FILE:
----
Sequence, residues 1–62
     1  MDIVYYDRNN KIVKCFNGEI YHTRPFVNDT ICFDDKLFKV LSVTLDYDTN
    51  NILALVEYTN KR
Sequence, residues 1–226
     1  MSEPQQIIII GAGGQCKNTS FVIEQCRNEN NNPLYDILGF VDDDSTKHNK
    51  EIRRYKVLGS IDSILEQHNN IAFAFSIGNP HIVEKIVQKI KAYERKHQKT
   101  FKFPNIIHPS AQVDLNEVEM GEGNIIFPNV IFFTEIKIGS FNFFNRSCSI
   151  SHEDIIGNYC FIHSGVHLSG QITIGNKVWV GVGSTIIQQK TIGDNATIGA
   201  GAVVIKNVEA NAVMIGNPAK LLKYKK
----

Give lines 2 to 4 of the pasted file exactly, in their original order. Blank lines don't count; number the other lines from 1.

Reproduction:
     1  MDIVYYDRNN KIVKCFNGEI YHTRPFVNDT ICFDDKLFKV LSVTLDYDTN
    51  NILALVEYTN KR
Sequence, residues 1–226